The good news for Britain’s energy supply is that the sheer scale of the recession has cut our electricity demand and carbon emissions. An impending energy security crunch has been postponed.The bad news is that the recession will almost certainly delay investment in Britain’s energy infrastructure and encourage complacency.

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For the past two decades we have had ample reserves to absorb the shocks: now the margins are beginning to wear thin. Many of the existing power stations were built in the 1970s or earlier. All the coal-fired stations are more than 30 years old, as are most of the nuclear ones. They are all coming to the end of their lives and their reliability is inevitably beginning to suffer.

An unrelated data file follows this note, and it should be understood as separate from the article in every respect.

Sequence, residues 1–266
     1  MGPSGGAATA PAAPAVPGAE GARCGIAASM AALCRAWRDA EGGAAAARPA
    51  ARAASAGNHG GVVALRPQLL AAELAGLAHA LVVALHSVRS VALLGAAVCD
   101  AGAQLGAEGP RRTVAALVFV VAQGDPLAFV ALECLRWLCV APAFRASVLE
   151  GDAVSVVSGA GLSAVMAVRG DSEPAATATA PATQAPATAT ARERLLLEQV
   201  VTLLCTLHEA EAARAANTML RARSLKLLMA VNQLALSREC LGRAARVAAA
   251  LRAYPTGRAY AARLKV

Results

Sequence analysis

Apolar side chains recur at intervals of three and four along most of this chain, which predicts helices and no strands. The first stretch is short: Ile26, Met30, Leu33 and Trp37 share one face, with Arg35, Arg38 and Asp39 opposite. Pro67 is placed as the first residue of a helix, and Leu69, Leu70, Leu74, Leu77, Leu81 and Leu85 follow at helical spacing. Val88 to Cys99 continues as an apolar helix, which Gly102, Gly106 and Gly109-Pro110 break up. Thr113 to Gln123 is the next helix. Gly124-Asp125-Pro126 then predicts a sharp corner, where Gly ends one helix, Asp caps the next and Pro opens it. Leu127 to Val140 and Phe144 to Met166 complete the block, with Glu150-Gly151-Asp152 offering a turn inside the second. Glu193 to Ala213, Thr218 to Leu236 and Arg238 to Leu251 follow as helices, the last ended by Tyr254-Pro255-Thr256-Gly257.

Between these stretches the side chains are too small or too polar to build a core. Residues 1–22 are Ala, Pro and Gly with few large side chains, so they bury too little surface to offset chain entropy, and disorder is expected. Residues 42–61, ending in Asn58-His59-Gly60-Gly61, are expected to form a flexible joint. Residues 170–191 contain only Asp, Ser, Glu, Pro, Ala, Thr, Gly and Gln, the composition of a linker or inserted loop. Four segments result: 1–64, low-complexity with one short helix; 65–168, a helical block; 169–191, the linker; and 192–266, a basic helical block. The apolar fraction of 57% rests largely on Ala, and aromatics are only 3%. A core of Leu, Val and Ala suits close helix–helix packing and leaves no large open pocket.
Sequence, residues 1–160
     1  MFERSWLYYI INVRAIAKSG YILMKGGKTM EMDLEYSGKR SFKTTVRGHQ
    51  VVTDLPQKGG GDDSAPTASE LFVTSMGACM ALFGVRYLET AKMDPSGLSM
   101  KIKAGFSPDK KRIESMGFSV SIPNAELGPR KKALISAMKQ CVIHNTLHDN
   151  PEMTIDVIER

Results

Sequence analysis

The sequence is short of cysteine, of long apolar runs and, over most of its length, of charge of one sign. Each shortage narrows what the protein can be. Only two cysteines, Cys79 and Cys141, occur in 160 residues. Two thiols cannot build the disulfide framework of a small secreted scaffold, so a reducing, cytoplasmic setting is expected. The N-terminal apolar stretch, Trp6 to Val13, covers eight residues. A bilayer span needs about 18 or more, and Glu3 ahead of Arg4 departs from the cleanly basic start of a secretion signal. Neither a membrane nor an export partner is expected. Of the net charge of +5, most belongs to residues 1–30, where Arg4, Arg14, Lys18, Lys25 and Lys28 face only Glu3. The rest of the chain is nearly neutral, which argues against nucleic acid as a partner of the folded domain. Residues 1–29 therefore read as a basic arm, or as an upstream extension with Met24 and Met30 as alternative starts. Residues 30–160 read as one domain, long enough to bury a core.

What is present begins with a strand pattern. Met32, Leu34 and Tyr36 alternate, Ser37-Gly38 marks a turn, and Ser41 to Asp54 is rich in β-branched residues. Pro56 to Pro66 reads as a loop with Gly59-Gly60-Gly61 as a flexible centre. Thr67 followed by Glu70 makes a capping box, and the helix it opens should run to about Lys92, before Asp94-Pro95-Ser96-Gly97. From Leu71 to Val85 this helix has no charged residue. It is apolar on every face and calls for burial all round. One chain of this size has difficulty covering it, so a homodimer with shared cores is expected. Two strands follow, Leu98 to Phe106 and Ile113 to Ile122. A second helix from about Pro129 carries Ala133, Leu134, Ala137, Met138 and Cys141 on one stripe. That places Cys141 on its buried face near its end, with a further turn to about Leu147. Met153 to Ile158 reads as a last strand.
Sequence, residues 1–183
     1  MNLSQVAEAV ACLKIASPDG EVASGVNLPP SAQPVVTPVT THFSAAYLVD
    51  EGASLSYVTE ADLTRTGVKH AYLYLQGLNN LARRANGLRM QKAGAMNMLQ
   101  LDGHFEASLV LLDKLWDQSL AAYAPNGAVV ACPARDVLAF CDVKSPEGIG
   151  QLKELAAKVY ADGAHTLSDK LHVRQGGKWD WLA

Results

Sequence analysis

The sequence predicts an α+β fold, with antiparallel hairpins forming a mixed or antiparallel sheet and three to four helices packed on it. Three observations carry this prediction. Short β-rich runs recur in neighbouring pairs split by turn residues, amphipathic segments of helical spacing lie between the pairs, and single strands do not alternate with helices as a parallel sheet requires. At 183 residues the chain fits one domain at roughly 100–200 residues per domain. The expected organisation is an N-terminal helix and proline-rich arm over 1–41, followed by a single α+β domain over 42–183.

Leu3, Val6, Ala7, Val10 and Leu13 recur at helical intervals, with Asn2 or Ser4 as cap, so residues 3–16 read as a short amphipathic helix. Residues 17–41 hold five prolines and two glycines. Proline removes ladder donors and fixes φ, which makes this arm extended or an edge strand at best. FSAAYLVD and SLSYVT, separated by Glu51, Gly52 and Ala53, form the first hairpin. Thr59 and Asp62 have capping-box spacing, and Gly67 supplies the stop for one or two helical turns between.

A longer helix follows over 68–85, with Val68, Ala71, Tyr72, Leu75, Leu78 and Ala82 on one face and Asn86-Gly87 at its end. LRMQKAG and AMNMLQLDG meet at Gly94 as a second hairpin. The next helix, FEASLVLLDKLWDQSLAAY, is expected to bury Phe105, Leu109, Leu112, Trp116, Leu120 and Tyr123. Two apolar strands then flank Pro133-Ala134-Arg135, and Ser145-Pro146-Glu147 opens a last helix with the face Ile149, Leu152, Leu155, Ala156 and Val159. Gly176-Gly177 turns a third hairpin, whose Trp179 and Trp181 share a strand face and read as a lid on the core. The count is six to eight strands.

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Time is now very short in energy terms. Investment does not fit into neat electoral cycles. With about five years to go if the economy recovers, there are still things that can be done. Our energy policy was designed for the years of energy surpluses and North Sea gas. It is still focused on keeping costs down and sweating assets. What is needed is a radical rethink, with investment the priority. It will take a national effort to prevent a serious crisis in the middle of the next decade.

Without such a redesign, if there is a rapid economic recovery, things could get nasty quite quickly. As energy systems operate closer to the margin, small shocks have large consequences. Today a few demonstrators cannot make any serious impact, and even a prolonged interruption in Russian gas supply can be withstood. But as margins tighten, prices respond disproportionately. Britain has probably already committed itself to higher and more volatile prices.

Dieter Helm, Professor of Energy Policy at the University of Oxford and a Fellow of New College, writing in The Times.

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